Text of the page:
It was 11 years ago, in the spring of ’87, when Luther and Arlene Gardner’s freezer first got famous. It all happened when a bare light bulb on the Gardners’ front porch created a shadowy silhouette of Jesus Himself on the appliance’s metal jacket. For a while, the couple put the freezer on public display. People drove into Tennessee from all over the South and Midwest just to take a look at it. At least one ailing person claims to have been healed by the freezer.
Eventually, the Gardners got tired of all the company at their Estill Springs home, so they took their freezer inside. The lighting was different, and Jesus’ face disappeared. Seven years ago, when they were sure all the hubbub had died down, they put the freezer back on the porch. Jesus’ silhouette came back, just like it was before. These days, the Gardners don’t want any gawkers, but they’re quietly reminding people of their major-appliance miracle, so that preachers can get the word out before the millennium.
Some years back, when I was still playing music, my drummer’s mother had a full-out spiritual awakening after she saw Jesus in a can of Crisco. She just popped off the top of the can, and there He was. Lard Jesus. Again, in silhouette.
Now, I’m not out to make fun of anybody’s faith, but let me just say this: There’s a pattern here, and it involves shadowplay. If these sightings had involved glowing, full-color 3-D images, in rooms with the lights turned off, that would have gotten my respectful attention.
But these shadow images aren’t exactly making me listen for the sound of a heavenly trumpeter clearing his spit valve. Shoot, I can put my hand between a lamp and the wall, hold my fingers up just so, and make shadows that look just like a bunny rabbit. I learned how to do it in Cub Scouts, when I was 10.
Here’s what I want to know: What made these people so sure they were seeing Jesus on the freezer and in the grease? Is that the only possibility? Why couldn’t they have been seeing Willie Nelson, or that weird-ass flute player from Jethro Tull?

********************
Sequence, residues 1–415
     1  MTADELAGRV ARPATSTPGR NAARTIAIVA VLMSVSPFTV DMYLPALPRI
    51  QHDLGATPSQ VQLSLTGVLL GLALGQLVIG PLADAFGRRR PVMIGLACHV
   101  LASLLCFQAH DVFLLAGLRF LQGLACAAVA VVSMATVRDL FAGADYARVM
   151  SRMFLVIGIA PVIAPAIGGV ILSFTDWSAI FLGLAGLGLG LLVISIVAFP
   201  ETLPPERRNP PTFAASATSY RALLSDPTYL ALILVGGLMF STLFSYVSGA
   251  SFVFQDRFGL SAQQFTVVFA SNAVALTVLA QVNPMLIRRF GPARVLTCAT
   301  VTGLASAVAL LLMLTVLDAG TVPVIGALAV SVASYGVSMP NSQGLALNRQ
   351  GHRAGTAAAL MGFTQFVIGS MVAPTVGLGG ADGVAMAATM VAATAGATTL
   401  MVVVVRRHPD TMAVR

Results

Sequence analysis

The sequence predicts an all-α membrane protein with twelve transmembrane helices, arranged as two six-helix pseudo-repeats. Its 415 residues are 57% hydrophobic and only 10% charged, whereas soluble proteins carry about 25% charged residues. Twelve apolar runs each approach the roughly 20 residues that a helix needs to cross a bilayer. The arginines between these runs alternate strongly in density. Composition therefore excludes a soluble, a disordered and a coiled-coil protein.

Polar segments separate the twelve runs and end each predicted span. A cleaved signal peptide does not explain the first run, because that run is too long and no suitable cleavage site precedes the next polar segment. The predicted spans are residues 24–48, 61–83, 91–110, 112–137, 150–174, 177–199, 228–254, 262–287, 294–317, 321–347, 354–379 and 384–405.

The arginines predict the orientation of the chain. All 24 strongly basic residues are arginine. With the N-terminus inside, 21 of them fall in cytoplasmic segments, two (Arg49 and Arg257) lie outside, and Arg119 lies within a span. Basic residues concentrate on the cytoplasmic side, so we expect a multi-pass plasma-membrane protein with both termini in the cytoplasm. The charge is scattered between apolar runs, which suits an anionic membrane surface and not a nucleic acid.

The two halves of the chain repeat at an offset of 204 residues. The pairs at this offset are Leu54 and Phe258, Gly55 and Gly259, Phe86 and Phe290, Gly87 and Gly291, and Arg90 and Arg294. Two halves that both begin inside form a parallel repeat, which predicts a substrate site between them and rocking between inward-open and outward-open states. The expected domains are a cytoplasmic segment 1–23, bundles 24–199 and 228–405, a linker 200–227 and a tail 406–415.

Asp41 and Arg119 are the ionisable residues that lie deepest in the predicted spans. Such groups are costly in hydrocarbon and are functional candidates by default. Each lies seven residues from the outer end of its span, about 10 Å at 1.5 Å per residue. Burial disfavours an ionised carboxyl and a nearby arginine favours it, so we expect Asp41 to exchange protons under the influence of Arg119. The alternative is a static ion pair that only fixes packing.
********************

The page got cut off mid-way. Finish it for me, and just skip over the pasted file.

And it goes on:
Over the years, I’ve noticed that one sighting like this spurs a bunch of copycat sightings. If the Estill Springs Jesus Freezer makes the wire services again, you can bet that people will start seeing the Lord in all kinds of things. But mainly doors. Those of us who watch late-late-night TV know we can count on about one TV filler-feature a month that details a Savior-sighting on the face of a door.
I think I’ve got this one figured out. A lot of doors, in houses and commercial buildings, are covered with wood veneer. Often, the veneer is bookmatched. This means that two successive cuts out of a veneer log are glued together side by side, much like the two pages at the center of a book. Grain patterns on one piece of veneer are mirrored in the other side. It’s real easy for these patterns to look like a face. If a grain squiggle looks like half a nose, it has a counterpart on the other side to complete the picture. Add some twin knotholes, and you’ve got the eyes. It only takes a little imagination to fill in lips, a beard, and wavy hair. Once you start looking at these doors, you’ll see a face in every one of them. Try it, it’s fun.
As far as I know, the wackiest modern-day Jesus sightings came a few years back, when some folks swore they saw Him on Pizza Hut billboards, in the middle of a plate of spaghetti. Some of these visionaries claimed to have seen a crown of thorns on the holy visage. I went out of my way to see one of these billboards, just north of Atlanta. I pulled off the side of the road and stared for a good 10 minutes. Then I tried binoculars. All I saw was spaghetti with a little parsley around the top of the plate.
If you see a holy image on the side of your freezer, change the lighting to see if it goes away. If the image stays no matter what you do with the light, call an appliance repair guy, because you could have a Freon leak. Inhaling Freon can cause hallucinations.
Visit Walter’s Web site at http://www.nash-scene.com/~housesense. Or e-mail him at firstname.lastname@example.org.